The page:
Capital One Data Hack Leads to AWS Lawsuit
The recent hack of Capital One data hosted on Amazon Web Services Inc. (AWS) infrastructure has led to multiple lawsuits, with AWS the target of at least one.
Capital One last month announced the "data security incident" in which a person identified in news reports as a former AWS engineer obtained the personal information of customers and others who applied for credit cards.
The data was stored on AWS infrastructure, a continuing problem for the company even though well-publicized data breaches and exposures are typically found to be caused primarily by user misconfigurations, rather than any inherent cloud platform flaws.
For example, even though the Capital One breach was actively instigated by an individual, a "firewall misconfiguration" was partially blamed for exposing the data to attack.
GeekWire last week reported on the resulting lawsuits, noting that a plaintiff group "also named Amazon Web Services, Capital One's cloud provider, alleging the tech giant is also culpable for the breach."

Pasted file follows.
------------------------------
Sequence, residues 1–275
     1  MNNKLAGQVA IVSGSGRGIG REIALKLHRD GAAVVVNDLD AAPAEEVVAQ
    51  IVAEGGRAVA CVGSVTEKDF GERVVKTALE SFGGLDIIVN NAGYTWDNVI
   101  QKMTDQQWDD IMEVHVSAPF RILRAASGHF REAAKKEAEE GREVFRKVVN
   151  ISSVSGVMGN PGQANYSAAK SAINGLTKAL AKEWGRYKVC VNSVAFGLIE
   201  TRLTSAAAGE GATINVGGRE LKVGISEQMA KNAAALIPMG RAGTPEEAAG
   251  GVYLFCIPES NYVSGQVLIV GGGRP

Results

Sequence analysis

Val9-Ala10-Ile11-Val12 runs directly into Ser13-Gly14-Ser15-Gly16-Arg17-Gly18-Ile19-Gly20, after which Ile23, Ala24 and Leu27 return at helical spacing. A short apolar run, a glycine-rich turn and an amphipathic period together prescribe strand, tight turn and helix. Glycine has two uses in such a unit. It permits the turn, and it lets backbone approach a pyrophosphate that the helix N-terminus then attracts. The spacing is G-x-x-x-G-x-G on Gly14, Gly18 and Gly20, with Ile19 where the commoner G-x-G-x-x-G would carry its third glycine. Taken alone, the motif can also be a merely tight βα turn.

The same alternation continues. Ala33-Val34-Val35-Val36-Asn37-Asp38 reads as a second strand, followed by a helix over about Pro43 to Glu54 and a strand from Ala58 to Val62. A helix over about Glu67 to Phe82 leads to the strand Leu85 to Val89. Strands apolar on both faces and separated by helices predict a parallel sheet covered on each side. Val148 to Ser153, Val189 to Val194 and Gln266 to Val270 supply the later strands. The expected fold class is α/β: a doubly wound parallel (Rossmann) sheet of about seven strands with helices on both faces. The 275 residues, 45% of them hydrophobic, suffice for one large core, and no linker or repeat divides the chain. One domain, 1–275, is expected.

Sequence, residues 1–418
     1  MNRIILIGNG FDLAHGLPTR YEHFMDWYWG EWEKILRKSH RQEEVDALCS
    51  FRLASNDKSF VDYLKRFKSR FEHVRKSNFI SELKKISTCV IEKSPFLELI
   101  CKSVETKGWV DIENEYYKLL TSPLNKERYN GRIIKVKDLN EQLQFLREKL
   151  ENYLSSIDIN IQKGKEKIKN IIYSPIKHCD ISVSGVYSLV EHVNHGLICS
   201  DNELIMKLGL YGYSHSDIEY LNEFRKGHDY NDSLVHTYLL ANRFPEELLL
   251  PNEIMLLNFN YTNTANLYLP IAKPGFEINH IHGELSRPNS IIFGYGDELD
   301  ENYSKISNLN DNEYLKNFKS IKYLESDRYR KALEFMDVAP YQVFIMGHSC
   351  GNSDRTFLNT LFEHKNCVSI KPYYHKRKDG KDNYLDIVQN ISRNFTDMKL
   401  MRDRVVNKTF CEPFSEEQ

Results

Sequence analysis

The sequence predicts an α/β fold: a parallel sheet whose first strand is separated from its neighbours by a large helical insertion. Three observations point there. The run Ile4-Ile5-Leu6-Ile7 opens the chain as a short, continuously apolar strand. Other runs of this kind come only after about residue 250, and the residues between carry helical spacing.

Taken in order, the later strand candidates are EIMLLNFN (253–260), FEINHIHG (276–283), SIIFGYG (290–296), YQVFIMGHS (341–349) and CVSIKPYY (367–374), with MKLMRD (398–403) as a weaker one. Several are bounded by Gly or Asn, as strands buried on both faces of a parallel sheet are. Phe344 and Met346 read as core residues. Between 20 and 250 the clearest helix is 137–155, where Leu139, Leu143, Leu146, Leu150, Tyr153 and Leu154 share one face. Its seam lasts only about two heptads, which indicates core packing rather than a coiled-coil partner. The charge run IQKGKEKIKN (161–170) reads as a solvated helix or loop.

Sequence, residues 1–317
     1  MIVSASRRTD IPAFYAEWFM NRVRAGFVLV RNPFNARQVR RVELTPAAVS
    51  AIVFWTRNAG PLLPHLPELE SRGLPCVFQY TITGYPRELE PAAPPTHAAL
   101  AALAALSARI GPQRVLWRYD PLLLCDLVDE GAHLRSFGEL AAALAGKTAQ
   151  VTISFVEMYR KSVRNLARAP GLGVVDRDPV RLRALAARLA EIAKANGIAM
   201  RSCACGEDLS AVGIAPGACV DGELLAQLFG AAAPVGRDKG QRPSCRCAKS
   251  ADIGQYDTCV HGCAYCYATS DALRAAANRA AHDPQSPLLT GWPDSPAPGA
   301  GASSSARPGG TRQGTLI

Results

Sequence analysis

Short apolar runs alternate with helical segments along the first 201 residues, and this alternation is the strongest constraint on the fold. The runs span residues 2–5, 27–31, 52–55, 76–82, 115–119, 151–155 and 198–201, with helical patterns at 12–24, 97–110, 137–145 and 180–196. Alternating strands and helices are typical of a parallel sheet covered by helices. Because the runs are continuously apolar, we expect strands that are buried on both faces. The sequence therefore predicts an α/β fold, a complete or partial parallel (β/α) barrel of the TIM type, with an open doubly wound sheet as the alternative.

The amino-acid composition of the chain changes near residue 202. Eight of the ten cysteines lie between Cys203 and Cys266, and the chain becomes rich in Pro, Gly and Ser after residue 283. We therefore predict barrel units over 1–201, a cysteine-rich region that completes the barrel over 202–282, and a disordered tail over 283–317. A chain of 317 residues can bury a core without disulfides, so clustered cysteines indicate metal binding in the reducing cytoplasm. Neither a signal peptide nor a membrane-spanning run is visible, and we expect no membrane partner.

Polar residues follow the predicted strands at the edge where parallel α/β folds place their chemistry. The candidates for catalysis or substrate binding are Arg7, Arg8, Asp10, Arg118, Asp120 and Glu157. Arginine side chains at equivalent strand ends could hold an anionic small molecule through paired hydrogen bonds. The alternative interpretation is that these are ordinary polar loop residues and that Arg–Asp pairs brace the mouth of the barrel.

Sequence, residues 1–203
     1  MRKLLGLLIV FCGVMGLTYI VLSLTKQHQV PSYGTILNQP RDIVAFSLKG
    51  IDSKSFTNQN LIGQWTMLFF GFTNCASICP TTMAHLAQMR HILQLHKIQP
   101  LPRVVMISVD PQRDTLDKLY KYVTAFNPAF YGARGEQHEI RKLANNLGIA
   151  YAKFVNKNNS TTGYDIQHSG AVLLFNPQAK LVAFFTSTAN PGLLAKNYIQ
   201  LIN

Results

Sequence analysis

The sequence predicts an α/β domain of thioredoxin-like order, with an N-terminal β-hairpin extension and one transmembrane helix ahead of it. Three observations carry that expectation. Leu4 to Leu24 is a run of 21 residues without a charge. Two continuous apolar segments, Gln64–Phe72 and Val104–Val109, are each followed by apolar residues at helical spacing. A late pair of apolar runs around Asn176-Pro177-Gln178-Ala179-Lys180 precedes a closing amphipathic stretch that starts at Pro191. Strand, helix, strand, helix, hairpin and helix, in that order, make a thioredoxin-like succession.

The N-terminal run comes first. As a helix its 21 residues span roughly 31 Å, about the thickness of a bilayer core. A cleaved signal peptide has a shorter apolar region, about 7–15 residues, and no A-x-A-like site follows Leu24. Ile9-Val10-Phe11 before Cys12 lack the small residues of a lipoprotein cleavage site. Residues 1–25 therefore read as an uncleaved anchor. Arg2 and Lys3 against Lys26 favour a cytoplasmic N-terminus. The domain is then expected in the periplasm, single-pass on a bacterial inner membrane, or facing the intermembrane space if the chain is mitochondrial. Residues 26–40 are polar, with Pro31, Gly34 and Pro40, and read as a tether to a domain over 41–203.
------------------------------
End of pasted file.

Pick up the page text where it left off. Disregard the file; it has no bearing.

GitHub, the open source code repository and development platform, was also named in a suit for allegedly failing to monitor and respond to hacked data on its site, GeekWire said, providing this summary:
The new lawsuit, filed this week in federal court in Seattle, is unique because it includes Amazon as a defendant. It argues that Amazon knew about a vulnerability allegedly exploited by the hacker, Seattle-based engineer Paige Thompson, to pull off the attack and "did nothing to fix it." The alleged attacker, a former AWS employee, hacked into a misconfigured Web application firewall.
"The single-line command that exposes AWS credentials on any EC2 system is known by AWS and is in fact included in their online documentation," according to the complaint. "It is also well known among hackers."
Newsweek reported that AWS denied any responsibility for the hack. "An Amazon Web Services spokesperson told Newsweek: 'AWS was not compromised in any way and functioned as designed. The perpetrator gained access through a misconfiguration of the Web application and not the underlying cloud-based infrastructure. As Capital One explained clearly in its disclosure, this type of vulnerability is not specific to the cloud.' "
The Capital One hack was nevertheless bad news for AWS, which for years has been plagued by reports of exposed data usually caused by misconfigurations, no matter how much security guidance it publishes to avoid such issues.
David Ramel is an editor and writer for Converge360.